- Sofie's psychic abilities allow her to see visions of confusing, at best, events, and act as a medium for her comatose mother.
- Blind Seer: Professor Ernst Lodz.
- Blue Blood: Rather literally in the case of Prophets.
- Broken Bird: Sofie.
- Brother-Sister Incest
- Buried Alive: The fate Ben almost suffers at the hands of his relatives.
- Cain and Abel: Word of God states that the first two Avatars were brothers, with popular conjecture theorizing they were Cain and Abel.
- Career-Ending Injury: Jonesy was a professional baseball player before his knee injury.
- Chekhov's Gun: Multiple, throughout the series:
- Justin's manipulation of the asylum patients in "Lonnigan, Texas" - specifically, his use of the phrase "be still" to freeze them in place - pays off big in the finale when he brings the Colossus itself to a halt with the same phrase.
- All of Ben and Justin's dream sequences foreshadow actual events.
- The use of Ruth Etting's "Love Me or Leave Me" as Flora Hawkins' and Henry Scudder's theme in "After the Ball Is Over", underlying Ben's diner dream and Scudder's actual appearance in "The Day That Was the Day".
- The Chessmaster: Explicitly referenced with Management.
Samson: He don't care much for people. Like pieces moving 'round on a board.
- Chosen One: The entire point of Prophets and their Princes.
- Christmas Cake: Ruthie and Iris.
- Chuck Cunningham Syndrome: Gecko, one of the carnival freaks, disappears after the first season, without any further mention or explanation of where he went.
- Circus Brat
- Crappy Carnival: The carnival referred to in the title is an OSHA-compliant variant. Strangely, it's the good guys running it.
- Crapsack World: Start with the fact that it's set during the Great Depression. Then add in A LOT of Black and Gray Morality, severe supernatural events, and the overarching theme of Balancing Death's Books.
- Creepy Child: Young Iris and Justin.
- The creepy girl Sofie sees in "Day of the Dead" who first tells her "Every prophet in her house".
- Crucified Hero Shot: Ben gets one at the end of Season 2.
- Cryptic Conversation: Every single interaction between Ben and Management. Actually, any interaction with Management at all.
- Curtain Camouflage
- Cycle of Revenge: The battle between Avatars repeating ad infinitum.
- Dark Is Not Evil: Henry Scudder, the Dark Prophet, is actually a pretty decent guy considering he's destined to spread pain and suffering throughout the world and may or may not be metaphysically responsible for the Great Depression and the rise of fascism. Unlike Justin, Scudder wants nothing to do with his destiny.
- Dark Messiah:
- Brother Justin defines this trope from start to finish.
- And Sofie as of the series finale.
- Deal with the Devil:
- Lodz's sight was the price for a trickle of Avataric power, courtesy of one Henry Scudder.
- Also, this wonderful exchange:
Justin: I'm reminded of the phrase "making a deal with the devil".
- Death by Childbirth: Whether their lovers are Light or Dark, any woman who bears an Avatar becomes instantly barren and goes irrevocably insane.
- Decapitation Presentation: Justin does this with Scudder's head after he kills him.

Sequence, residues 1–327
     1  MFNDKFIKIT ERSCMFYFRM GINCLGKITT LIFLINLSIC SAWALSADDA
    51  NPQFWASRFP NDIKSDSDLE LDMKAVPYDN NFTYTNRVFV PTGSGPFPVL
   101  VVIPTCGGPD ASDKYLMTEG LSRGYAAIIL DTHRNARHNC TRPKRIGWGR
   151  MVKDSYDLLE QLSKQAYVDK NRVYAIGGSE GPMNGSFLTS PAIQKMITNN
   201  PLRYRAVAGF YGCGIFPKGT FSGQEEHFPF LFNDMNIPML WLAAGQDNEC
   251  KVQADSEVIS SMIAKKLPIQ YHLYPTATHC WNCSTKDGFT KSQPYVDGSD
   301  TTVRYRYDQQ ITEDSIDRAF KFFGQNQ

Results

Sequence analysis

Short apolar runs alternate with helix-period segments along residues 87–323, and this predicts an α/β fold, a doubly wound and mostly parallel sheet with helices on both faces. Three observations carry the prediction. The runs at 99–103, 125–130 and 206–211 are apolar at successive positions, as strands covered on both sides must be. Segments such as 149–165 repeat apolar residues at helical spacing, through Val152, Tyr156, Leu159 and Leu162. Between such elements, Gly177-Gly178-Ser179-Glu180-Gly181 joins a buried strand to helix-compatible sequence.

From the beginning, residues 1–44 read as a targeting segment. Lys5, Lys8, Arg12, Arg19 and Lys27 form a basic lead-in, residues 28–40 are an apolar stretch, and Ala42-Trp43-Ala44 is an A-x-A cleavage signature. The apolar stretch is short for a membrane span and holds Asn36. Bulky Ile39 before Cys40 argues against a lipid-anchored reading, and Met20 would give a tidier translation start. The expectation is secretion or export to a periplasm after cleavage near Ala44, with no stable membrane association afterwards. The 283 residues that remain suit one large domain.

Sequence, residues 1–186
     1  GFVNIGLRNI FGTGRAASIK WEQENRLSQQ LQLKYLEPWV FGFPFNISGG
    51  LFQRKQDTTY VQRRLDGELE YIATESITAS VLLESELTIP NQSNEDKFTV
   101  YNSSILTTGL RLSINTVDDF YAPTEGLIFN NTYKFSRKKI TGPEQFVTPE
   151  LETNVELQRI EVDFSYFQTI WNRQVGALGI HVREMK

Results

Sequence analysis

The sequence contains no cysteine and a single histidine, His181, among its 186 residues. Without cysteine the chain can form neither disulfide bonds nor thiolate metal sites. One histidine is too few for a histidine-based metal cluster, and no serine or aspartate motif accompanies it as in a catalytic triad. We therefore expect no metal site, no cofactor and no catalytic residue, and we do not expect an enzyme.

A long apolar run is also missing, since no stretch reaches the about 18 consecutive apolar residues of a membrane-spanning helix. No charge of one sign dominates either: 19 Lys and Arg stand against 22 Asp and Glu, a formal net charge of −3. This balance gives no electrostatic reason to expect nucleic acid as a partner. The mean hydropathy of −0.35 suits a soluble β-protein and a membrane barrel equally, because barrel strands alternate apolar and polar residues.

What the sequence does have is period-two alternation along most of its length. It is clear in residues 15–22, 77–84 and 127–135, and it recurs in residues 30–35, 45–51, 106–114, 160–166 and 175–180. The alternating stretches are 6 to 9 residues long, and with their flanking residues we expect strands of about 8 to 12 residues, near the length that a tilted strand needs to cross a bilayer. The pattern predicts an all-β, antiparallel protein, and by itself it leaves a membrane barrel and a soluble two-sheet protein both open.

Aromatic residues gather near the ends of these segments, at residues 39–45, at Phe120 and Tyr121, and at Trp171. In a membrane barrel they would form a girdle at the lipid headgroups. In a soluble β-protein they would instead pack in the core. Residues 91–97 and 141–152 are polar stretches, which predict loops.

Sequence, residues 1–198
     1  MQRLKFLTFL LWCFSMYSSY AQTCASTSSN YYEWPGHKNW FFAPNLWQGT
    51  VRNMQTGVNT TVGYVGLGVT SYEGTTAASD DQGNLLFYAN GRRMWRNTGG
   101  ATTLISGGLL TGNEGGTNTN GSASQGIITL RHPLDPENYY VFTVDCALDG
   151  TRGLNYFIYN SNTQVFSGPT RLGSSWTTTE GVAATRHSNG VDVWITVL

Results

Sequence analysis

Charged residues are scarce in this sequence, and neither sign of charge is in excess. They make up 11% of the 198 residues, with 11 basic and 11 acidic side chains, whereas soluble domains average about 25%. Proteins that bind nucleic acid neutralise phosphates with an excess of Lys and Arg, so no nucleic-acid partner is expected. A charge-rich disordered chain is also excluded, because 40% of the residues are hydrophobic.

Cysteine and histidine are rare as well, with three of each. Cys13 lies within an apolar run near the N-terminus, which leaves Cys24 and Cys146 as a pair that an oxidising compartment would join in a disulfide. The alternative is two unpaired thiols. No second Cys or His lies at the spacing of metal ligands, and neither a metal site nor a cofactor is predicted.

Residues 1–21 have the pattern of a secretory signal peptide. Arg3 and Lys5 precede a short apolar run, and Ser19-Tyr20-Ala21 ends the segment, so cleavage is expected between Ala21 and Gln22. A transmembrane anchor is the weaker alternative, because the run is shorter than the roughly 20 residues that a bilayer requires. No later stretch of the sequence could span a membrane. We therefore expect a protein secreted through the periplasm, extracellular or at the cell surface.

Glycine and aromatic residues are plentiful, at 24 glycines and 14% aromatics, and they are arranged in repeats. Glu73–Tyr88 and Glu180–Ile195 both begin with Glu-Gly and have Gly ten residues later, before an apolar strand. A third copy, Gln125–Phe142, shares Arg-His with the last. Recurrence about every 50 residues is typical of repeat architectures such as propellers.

- Delivery Guy Infiltration: You'd think security would be tighter at New Canaan/Crowe House/Casa de Creepy, but Ben manages to get all the way up to the house and into Justin's bedroom before Iris catches him.
- Dirty Business: Ben does a lot of things that fall into this, like murdering Lodz, and Samson does a lot of unethical things as well, but rarely expresses remorse.
- The Dragon:
- Iris is Justin's at the beginning, then Varlyn Stroud becomes one.
- Lila is Lodz's.
- Samson is an unwilling one to Management.
- Dreaming of Things to Come: Ben, Sofie, and Justin dream about events that occur later in the series.
- Driven to Suicide: Preparing to do this causes Brother Justin to realize who and what he is.
- Dysfunctional Family: One is left to wonder whether there even is such a thing as a truly functional family in this series.
- Equivalent Exchange: Healing has a toll.
Rebecca: There's rules, boy. To give life, you gotta take it from someplace else. Could be those birds up in the sky, the grass by the road. Could be that little girl you brought in here.
- Even Evil Has Standards: Even after accepting that he's evil, Justin is still disturbed by Iris burning down the orphanage and her lack of remorse over it.
- Evil Laugh: Of course, when you have Clancy Brown in the cast, the Evil Laugh is nearly a requirement.
- Eyeless Face: The Crone, Ben's grandmother is missing her eyes, and it's pretty creepy. Made even more so once its revealed that she gouged them out herself after murdering her entire family on the night Henry Scudder was born. *shudders*
- Face Heel Turn: In the finale, Sofie shooting Jonesy and resurrecting her diabolical father.
- False Widow: In one episode, Sofie pretends to be a widow in order to get into bed with a random stranger in town.
- Fate Worse Than Death: Dora Mae is gang-molested by a group of seemingly-undead miners. Then murdered by one of them. Then her spirit is condemned to the town, apparently doomed to spend eternity naked in a town of dead-eyed, soulless monsters.